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Harry Glickman

WWII Veteran, Journalist, Sports Promoter, Founder of the Portland Trail Blazers

Harry Glickman was born and raised in Portland, Oregon and is a graduate of Lincoln High School and the University of Oregon.

During WWII, he served for three years in the U.S. Army and saw action in the European theatre with the 12th Armored Division, in which he was awarded a Bronze Star.

Upon graduation from the University of Oregon, Glickman handled publicity for the National Boxing Club, the Shrine Football Game, and the Multnomah Kennel Club. He then became a promoter, bringing to Portland annual NFL pre-season games, Harlem Globetrotters, world championship boxing (via closed-circuit television), and even the likes of Judy Garland and Liberace.

With the opening of Memorial Coliseum in 1960, Glickman brought hockey back to Portland with the Portland Buckaroos, a team that in only 13 years won eight league championships and three Lester Patrick Cups, and broke all Western Hockey League attendance records. Glickman was part-owner and president until the Bucks disbanded in the face of NHL expansion and the upstart World Hockey Association.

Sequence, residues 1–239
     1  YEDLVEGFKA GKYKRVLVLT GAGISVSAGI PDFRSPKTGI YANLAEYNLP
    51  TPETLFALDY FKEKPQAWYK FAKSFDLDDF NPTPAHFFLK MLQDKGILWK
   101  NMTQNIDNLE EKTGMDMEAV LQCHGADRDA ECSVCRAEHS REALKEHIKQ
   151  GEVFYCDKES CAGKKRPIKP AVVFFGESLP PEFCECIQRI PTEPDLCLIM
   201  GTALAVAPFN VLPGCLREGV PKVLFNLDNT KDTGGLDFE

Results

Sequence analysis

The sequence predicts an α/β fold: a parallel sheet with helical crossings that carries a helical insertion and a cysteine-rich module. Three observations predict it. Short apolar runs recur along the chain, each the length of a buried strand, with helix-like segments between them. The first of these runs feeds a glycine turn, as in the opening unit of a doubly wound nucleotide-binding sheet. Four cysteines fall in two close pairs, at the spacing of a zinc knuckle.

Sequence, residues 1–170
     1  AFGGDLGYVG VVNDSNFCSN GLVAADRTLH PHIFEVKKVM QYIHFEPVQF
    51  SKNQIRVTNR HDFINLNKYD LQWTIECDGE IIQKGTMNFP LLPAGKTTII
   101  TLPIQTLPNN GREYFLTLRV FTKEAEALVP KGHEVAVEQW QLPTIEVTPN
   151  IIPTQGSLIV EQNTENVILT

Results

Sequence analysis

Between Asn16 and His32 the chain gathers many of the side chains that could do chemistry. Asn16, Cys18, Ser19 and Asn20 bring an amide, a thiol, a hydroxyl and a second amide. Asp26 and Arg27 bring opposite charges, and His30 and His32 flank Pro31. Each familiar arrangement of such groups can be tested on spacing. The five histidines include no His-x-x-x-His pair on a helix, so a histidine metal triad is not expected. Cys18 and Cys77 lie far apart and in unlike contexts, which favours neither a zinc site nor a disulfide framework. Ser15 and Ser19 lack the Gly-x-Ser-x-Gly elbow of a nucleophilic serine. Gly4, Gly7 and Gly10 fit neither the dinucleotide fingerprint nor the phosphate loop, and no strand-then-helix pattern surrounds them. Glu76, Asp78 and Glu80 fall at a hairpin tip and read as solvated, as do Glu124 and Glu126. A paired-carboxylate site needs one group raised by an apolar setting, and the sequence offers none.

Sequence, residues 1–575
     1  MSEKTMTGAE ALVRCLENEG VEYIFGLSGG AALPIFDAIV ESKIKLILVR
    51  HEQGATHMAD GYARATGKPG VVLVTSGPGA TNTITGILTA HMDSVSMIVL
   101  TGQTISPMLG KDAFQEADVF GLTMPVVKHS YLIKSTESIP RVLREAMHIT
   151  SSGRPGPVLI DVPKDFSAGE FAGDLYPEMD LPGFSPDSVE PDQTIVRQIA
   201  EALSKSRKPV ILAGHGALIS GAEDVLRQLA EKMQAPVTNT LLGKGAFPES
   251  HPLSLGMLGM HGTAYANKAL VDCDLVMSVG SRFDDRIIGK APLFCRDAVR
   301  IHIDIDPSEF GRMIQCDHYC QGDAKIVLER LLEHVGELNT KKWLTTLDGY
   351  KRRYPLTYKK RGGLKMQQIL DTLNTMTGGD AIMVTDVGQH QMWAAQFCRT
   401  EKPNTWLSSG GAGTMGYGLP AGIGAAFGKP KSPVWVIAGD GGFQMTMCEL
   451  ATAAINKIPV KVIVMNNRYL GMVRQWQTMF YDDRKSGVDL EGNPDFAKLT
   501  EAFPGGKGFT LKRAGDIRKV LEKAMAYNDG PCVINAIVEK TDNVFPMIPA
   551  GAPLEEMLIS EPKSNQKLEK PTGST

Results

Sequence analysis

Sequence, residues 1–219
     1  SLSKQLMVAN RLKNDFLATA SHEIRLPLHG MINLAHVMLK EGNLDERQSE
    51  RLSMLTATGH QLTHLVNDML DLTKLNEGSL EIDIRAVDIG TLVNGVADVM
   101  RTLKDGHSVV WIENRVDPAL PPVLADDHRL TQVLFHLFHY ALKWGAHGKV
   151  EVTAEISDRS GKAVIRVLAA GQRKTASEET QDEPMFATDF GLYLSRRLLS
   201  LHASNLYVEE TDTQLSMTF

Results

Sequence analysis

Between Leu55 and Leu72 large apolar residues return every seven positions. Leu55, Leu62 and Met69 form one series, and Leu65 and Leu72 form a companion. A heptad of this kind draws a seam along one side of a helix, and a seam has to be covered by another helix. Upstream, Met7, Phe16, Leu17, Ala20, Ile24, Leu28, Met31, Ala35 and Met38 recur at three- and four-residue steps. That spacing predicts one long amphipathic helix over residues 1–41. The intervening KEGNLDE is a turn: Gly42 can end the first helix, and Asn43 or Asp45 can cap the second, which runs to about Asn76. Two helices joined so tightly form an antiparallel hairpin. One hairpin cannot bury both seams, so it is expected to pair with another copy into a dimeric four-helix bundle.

In 1970, he brought Portland into the major leagues of professional sports as the founder of the Portland Trail Blazers of the National Basketball Association. Under Harry’s leadership, the Trail Blazers won the NBA Championship in 1977 and conference championships in 1990 and 1992. During Glickman’s tenure as President and General Manager, the Blazers set an American record by selling out over 800 consecutive games.

Mr. Glickman was honored as an Oregon History Maker in 2012 by the Oregon Historical Society, is a member of the University of Oregon Hall of Achievement, was inducted into the International Jewish Sports Hall of Fame in 1995 and received the distinguished Portland First Citizen award in 1992.

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Harry Glickman
World War II
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Terry Howell